MINOT — Just three months after Jon Tuttle played his first notes on a stand-up bass, the 16-year-old Minot musician auditioned for a spot in Maine’s prestigious All-State Orchestra.

“You should do this,” Hebron Academy music teacher John Lawson told him. “You’ll be fine.”

Even before he played, his hands ached from carrying the canoe-sized instrument down a long high school corridor. His hands turned clammy and he began to sweat.

For about 15 minutes, the rookie bassist played for a pair of judges. He performed a prepared piece. Then he played something he’d never seen, meant to test his skill without practice.

“I didn’t think I could do it,” Tuttle said. “I guess Mr. Lawson was right.”

He was.

The Hebron Academy sophomore not only made it into the orchestra, he scored the highest of all the bassists who auditioned.

On Saturday, he’ll perform alongside the best high school musicians and singers in Maine at the 2013 All State Festival, to be held at the University of Southern Maine and Windham High School.

“I’m excited,” Tuttle said.

In part, he’s looking forward to the music, but he’s also looking forward to the company.

That’s why he took up the bass, after all.

Since he was a kid of just 5 or 6, Jon has been playing music. His mother, Emily Tuttle, insisted that he learn piano.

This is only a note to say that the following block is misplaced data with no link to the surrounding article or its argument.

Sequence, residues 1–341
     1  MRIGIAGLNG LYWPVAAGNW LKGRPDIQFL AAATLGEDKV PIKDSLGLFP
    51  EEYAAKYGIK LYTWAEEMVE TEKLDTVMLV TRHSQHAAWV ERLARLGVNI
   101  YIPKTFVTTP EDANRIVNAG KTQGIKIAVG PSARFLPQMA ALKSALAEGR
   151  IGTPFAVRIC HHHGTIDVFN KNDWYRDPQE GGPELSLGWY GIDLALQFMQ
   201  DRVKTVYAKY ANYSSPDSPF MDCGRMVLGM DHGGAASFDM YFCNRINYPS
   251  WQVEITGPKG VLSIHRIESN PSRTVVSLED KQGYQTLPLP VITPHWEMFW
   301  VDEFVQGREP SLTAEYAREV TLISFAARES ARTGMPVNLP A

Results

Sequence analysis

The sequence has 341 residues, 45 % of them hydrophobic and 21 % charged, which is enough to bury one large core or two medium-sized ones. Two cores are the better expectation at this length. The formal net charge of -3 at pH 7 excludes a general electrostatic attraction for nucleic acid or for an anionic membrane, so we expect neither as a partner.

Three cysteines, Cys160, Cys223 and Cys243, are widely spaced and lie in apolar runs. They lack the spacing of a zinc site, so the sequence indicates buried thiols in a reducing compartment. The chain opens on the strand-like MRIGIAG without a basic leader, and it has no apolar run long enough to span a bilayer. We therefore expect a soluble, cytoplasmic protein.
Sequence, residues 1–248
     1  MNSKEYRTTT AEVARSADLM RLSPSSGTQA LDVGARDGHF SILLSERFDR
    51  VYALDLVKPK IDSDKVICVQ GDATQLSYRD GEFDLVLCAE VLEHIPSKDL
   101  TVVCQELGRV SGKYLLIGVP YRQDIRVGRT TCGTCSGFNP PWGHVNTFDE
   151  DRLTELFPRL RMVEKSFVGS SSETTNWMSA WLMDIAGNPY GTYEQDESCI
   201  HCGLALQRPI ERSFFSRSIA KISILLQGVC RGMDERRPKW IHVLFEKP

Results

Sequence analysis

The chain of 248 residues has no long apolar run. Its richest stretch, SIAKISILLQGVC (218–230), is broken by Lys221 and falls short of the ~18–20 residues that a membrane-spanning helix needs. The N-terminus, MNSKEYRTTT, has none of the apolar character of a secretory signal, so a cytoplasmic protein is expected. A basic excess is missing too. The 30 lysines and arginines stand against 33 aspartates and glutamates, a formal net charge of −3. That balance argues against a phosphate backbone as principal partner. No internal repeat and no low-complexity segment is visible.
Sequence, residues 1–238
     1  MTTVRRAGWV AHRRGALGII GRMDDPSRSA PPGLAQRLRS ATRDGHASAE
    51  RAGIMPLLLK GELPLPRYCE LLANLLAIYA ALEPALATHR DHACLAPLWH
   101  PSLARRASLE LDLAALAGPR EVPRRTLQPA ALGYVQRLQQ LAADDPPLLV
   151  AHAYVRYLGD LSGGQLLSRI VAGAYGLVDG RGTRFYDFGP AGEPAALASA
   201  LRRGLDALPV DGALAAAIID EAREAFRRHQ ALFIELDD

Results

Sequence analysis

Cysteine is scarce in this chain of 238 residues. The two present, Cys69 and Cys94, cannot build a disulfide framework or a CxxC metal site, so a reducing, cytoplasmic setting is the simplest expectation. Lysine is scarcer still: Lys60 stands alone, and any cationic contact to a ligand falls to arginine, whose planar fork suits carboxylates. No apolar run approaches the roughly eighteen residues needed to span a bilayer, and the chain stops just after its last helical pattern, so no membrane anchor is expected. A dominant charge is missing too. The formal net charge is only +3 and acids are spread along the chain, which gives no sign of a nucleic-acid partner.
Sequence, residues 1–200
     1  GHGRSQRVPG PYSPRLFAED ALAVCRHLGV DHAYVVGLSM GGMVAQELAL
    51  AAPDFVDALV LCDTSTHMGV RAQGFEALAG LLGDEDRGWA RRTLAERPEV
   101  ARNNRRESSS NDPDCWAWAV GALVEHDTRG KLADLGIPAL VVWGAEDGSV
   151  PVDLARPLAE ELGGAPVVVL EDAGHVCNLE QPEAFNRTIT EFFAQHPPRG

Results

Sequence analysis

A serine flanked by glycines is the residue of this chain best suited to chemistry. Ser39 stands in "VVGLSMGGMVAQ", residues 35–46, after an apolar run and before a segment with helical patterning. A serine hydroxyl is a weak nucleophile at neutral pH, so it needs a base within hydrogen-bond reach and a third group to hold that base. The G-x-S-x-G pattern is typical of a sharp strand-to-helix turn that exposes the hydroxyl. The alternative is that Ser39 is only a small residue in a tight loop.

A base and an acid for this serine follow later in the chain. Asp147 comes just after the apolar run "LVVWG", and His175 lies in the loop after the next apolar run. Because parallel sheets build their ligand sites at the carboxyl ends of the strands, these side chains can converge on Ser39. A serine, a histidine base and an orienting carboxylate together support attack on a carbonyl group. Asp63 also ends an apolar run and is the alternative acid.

Soon, he loved it. He still does, fitting in piano lessons and daily hourlong practices around academics, sports (he belongs to the track team and plays soccer) and the bass.

He feels at home with the piano, but it has drawbacks.

“When you’re playing piano, you’re playing by yourself,” he said. “I want to play with people.”

That’s why he took up the violin in the fifth grade.

On the violin, he lasted for three middling years. The sound never quiet agreed with him, and he cared little for the instrument. He also felt like he might never excel at it.

“I found that there are a lot of violinists,” he said.

So, he took a left turn. He took up the electric bass, began lessons with a musician his mother knew, and even played with some buddies.

“I wanted to play rock,” he said. He and the others noodled around on Beatles tunes, but they never played a gig. “We weren’t really a band.”

That’s when Jon hit the stand-up bass.

His background helped a lot.

“Starting with the piano gave me a really good foundation for other instruments,” he said. He learned to read music. He learned theory. And he learned discipline over so many hours on the upright piano in his living room.

Last month, Jon was named to the area’s Honors Jazz Festival with the bass. He’s begun contemplating college and a possible music-related major that would draw on all of his instrumental background.

The hopes the bass will be part of it.

“I’ve progressed quickly so far, (but) I don’t know if that pace will keep up,” he said. “I like the instrument. I like that role in music. It suits me well, I guess.”

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